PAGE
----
What if profit margin wasn’t the leading metric by which success was measured? What if one of the most important metrics for a company was whether they were able to impact social, cultural or environmental issues?
This is the driving force behind social entrepreneurship, a business approach that has seen increased activity and interest in recent years. You’ve seen self-proclaimed social entrepreneurs on Shark Tank pitching not only their mission, but their business case.
Whether for profit or not, social entrepreneurship is more than just another way to provide charity — these are real businesses built to provide lasting revenue, create jobs and ensure long-term sustainability.
These five companies prove that building a business around social issues isn’t just goodwill, it’s good business:
The quintessential example, and one of the first social-enterprise companies to enter the public consciousness, Toms Shoes was built on a simple premise: For every pair of shoes you buy from them, they’ll give a pair to someone in need, typically in underdeveloped countries.
The founder, Blake Mycoskie, was already an entrepreneur, and even sold a company to finance the creation of Toms. It turned out to be a wild success, with 10,000 shoes sold within the first year.
Toms, a for-profit company, has since expanded its product line, as well as the items and services it provides, providing access to clean water, items and training for safer births, and anti-bullying resources.
And before you ask, it is indeed Toms, not Tom’s. It’s short for “Tomorrow,” taken from the original concept of the “Shoes for Tomorrow Project.” Cue The More You Know music.
The Internet has opened up a new space for social-entrepreneurship, and Change.org has taken advantage of that opportunity to the tune of 150 million users and $72 million in funding.
Founded in 2007, Change.org’s mission is to make creating petitions easier, encouraging its users “to create the change they want to see.”
Change.org is also a Class B company, a certification for companies committed to creating positive impact.
When people like Bill Gates are investing in your company, you’re probably on to something.
The Safety Store
Social entrepreneurship doesn’t always take the form of companies who take off with a bazillion customers and major investors, sometimes it’s about solving issues locally and providing a sustainable revenue stream.
The Safety Store at Children’s Hospital Colorado has two locations to serve Denver-area residents. The stores feature exactly what the name implies: things to keep you safe. From car seats to bike helmets to life jackets, The Safety Store provides personalized education in addition to merchandise for whatever injury-prevention product you’re in the market for.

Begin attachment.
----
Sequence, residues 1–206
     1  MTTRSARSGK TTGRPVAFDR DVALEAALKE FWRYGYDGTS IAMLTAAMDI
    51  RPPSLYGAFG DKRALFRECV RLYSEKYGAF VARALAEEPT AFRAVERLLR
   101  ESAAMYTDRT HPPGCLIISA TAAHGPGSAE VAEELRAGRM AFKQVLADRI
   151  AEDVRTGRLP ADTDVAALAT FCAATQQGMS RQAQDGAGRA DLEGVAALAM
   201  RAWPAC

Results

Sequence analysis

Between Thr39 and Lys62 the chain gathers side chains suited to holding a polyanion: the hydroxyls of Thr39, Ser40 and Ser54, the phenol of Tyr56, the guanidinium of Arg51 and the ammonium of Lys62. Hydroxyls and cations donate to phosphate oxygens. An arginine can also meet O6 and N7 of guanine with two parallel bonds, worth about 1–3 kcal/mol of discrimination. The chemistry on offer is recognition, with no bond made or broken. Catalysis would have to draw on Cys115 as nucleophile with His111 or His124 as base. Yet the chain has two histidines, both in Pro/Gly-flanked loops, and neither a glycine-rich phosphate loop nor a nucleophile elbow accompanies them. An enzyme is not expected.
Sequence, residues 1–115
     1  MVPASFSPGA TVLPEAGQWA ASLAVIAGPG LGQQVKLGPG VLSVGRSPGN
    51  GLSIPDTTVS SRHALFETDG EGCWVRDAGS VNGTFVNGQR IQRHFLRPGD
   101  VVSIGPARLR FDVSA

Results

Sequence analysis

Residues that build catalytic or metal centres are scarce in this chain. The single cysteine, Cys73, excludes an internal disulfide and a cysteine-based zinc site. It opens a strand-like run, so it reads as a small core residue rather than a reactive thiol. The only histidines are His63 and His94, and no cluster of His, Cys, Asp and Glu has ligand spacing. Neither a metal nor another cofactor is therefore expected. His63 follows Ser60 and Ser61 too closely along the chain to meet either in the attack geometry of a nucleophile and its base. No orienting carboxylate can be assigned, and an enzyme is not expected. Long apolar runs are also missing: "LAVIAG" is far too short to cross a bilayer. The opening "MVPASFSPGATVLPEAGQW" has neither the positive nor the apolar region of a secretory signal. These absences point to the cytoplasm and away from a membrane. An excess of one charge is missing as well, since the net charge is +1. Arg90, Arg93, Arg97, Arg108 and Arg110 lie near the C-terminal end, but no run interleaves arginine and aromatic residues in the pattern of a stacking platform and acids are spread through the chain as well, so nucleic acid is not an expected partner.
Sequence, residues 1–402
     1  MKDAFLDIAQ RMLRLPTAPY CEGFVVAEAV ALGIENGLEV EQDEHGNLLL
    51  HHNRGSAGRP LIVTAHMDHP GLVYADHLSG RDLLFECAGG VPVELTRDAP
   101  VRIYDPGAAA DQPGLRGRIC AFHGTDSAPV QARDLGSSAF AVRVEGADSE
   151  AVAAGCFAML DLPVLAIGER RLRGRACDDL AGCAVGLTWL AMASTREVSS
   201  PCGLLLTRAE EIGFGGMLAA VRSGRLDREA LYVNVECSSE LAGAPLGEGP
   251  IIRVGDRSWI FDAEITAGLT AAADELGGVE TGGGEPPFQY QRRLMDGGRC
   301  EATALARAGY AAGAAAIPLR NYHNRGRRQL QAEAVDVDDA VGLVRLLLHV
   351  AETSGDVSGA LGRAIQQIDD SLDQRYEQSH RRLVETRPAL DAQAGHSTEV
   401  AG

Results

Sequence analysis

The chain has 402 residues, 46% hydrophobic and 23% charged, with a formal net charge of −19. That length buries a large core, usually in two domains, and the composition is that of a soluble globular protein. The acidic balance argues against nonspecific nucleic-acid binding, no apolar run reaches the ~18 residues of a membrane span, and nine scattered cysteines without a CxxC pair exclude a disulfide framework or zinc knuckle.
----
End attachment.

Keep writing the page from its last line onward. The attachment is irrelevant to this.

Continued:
All proceeds support the hospital’s community-based injury prevention outreach initiatives, providing a sustainable source of revenue so they don’t have to rely solely on donations. This is a popular area of exploration for many small non-profits seeking new sources of funding.
Love Your Melon
Sometimes millennials get a bad rap, but the millennial founder of social enterprise Love Your Melon turn the stereotype of a selfish generation on its head.
Love Your Melon has a simple mission statement: provide every kid with cancer a cool, comfortable hat to wear during chemotherapy treatment. Following the one-to-one model that Toms Shoes popularized, every purchase equals a free hat or piece of clothing for a child undergoing cancer treatment.
Love Your Melon takes it a step further by donating 50% of net proceeds to nonprofit partners that work in the field of pediatric oncology, or support families of children with cancer.
And it looks like even with donating 50% of profits, Love Your Melon is doing just fine. On Cyber Monday of 2016 alone, they generated more than $414,095 in donations.
Blue Star Recyclers
Social entrepreneurship isn’t just a way for companies to give back, but a business model that can enable those with special needs or challenges to gain independence.
With locations around the Denver metro area, Blue Star Recyclers seeks to create jobs for individuals with autism and other disabilities. They point out that only 20% of electronic waste is recycled, while 80% of those with disabilities are unemployed. This is true entrepreneurial thinking: finding a problem and creating a solution.
The business model is so effective, Blue Star recently received a $50,000 grant to expand its business model across the country.
The future of business?
While having a corporate responsibility or social enterprise component has been a big part of businesses for a long time, building a business model around this idea is relatively new — but it’s likely here to stay.
A recent survey found that a whopping 94% of millennials say they want to use their skills to make a positive impact. Social entrepreneurship provides a model that motivates its employees, as well as consumers. As more and more millennials enter the workforce and start their own businesses, it’s clear this will be a popular business model for a long time to come.